Viral load one month after starting HAART predicts who will be detectable after six months treatment

Michael Carter
Published: 03 September 2004

Measuring viral load a month after starting highly-active antiretroviral therapy (HAART) can strongly predict which individuals will have a viral below 50 copies/ml after six months of treatment, according to a joint UK and German study published in the September 1st edition of the Journal of Acquired Immune Deficiency Syndromes. The early identification of patients who are not virologically responding to treatment can, the investigators suggest, allow the possible causes of poor virological suppression to be identified and addressed.

The findings underline the importance of the British HIV Association's recommendation that patients should receive a viral load test one month after starting treatment.

Investigators from the Chelsea and Westminster, and Royal Free Hospitals in London, and the JW Goethe University Hospital in Frankfurt, collected prospective data from 656 antiretroviral-naïve patients starting HAART. Viral load was measured four weeks after starting anti-HIV therapy and again at 24 weeks using ultra-sensitive assays. The investigators designed a logistic regression model to predict the odds of achieving a viral load below 50 copies/ml after 24 weeks according to the week four viral load measurement.

After 24 weeks of anti-HIV therapy, 482 patients (73%) had a viral load below 50 copies/ml. The investigators found that there was a statistically significant association between the level of viral suppression after four weeks of HAART and an undetectable viral load at week 24 (p < 0.001). Baseline viral load was also associated with viral load at week 24, with those patients whose viral load was lowest at baseline most likely to have an undetectable viral load at week 24 (p < 0.001).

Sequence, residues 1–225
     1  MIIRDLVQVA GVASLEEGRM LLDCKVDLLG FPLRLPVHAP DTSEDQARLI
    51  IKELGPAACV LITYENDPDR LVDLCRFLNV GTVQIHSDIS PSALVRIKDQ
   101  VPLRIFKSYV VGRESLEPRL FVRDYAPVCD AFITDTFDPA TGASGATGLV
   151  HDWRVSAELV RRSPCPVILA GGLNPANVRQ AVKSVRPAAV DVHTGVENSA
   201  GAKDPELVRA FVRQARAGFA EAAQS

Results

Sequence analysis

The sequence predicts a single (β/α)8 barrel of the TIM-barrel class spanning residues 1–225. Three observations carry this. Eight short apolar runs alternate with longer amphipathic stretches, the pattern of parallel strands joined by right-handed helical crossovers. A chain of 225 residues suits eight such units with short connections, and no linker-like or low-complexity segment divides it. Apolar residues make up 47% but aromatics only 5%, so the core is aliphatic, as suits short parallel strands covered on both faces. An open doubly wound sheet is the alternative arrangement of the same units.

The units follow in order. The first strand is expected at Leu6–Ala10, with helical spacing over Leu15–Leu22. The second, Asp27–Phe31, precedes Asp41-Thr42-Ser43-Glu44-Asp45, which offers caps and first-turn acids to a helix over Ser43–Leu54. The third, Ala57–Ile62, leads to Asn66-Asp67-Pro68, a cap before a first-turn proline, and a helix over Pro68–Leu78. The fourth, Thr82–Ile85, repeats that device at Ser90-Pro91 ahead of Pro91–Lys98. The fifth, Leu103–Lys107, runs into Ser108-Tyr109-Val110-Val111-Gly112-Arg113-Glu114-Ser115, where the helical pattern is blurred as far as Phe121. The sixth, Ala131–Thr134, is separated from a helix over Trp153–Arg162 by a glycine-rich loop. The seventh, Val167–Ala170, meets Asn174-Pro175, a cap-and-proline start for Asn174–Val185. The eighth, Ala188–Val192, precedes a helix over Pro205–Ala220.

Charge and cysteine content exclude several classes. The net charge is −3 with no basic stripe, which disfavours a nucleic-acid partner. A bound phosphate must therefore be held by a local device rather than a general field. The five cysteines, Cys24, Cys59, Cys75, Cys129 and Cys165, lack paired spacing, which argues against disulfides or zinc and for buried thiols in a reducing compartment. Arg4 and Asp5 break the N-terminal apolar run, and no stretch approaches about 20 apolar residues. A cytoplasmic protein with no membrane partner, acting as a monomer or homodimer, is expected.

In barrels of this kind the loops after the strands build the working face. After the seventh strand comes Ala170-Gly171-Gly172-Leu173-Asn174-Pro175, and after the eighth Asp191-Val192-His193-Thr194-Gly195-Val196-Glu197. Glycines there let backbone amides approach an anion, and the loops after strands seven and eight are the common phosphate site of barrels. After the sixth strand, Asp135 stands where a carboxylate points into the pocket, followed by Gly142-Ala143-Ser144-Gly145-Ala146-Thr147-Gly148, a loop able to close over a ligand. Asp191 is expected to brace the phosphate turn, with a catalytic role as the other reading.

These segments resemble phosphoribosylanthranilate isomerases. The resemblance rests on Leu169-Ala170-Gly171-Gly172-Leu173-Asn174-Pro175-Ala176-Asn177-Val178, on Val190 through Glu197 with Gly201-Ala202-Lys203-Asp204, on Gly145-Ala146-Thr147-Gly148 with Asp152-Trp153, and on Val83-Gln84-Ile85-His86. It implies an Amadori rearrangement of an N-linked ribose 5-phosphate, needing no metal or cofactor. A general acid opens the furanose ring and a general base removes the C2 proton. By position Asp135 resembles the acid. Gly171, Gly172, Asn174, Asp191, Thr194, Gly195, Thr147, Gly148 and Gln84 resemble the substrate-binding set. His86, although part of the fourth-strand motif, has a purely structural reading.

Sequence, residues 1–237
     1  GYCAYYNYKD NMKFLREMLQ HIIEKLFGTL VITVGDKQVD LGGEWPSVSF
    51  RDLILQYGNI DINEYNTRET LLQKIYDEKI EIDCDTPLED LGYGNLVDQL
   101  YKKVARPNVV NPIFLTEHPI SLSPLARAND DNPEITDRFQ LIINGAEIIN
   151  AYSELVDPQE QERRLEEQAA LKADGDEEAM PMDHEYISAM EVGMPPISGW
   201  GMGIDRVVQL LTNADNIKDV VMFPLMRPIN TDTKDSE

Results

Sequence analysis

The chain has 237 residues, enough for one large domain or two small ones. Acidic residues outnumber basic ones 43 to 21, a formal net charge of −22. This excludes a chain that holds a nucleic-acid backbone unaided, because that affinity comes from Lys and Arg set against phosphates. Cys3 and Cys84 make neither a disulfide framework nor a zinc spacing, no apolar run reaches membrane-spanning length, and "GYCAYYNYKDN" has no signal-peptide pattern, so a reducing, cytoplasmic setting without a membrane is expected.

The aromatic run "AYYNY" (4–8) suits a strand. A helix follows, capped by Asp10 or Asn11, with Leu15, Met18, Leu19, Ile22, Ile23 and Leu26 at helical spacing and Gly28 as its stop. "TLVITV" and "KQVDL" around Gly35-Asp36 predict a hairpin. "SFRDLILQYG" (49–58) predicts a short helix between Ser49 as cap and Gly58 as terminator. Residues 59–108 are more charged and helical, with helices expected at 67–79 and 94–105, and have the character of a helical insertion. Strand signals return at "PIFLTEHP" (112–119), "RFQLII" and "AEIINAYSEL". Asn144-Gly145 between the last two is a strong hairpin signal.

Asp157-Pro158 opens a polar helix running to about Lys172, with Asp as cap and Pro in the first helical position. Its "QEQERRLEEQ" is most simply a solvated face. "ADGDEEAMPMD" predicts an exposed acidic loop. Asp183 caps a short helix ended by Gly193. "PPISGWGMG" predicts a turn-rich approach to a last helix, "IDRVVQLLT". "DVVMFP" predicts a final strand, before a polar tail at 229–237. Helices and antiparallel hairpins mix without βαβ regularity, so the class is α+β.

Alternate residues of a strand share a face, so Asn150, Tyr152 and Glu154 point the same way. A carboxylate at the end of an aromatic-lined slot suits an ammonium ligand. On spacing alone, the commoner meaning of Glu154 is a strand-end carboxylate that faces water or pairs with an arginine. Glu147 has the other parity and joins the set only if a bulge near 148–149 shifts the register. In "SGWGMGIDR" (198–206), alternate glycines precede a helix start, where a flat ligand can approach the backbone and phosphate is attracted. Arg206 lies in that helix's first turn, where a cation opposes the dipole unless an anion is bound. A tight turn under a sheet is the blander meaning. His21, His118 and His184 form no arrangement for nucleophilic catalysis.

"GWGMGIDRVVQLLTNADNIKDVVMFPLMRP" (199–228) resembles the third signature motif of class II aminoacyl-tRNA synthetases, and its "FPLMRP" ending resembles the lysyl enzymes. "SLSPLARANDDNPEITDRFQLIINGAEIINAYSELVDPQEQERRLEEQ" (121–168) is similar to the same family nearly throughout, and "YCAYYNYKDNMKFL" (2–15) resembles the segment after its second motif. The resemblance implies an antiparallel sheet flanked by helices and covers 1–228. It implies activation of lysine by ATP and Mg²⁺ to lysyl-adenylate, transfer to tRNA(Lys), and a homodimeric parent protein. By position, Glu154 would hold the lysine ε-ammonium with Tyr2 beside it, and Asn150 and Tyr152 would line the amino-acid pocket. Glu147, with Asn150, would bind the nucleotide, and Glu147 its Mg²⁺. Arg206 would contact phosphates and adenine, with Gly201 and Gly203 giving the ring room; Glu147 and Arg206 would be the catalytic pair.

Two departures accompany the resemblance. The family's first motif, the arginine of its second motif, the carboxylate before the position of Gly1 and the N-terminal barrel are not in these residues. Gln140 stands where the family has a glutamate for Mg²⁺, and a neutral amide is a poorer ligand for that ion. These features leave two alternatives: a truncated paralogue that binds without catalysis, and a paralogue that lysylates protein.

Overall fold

In total, 84% of patients with a viral load below 1000 copies/ml at week four attained a viral load below 50 copies/ml at week 24. However, only 61% of patients who had a viral load between 1001 and 10,000 copies/ml at week four attained an undetectable viral load at week 24. The percentage fell even further for patients whose viral load was between 10,001 and 100,000 copies/ml at week four, with only 37% having a viral load below 50 copies/ml at week 24. Furthermore, only 24% of individuals whose viral load was above 100,001 copies/ml at week four had an undetectable viral load by week 24.

Using a logistic regression model, the investigators calculated that the odds of attaining virological suppression at week 24 was 65% lower for every one-log10 increase in viral load at week four.

“We found a strong association between viral load measured after four weeks of HAART and the achievement of virologic suppression at week 24,” write the investigators. They add, “it appears that individuals with a viral load of above 1,000 copies/ml at week four generally do not have a sufficiently rapid virologic response to therapy.”

“Our study shows that early measurements of viral load enable early predictions of virologic response to HAART. Reasons for negative response may include adherence, tolerability, drug levels, and drug resistance. Early predictions should enable these potential causes to be investigated and, if necessary, addressed” conclude the investigators.

Reference

Smith CJ et al Use of viral load measured after 4 weeks of highly active antiretroviral therapy to predict virologic outcome at 24 weeks for HIV-1-positive individuals. J Acquir Immune Defic Syndr 37: 1155-1159, 2004.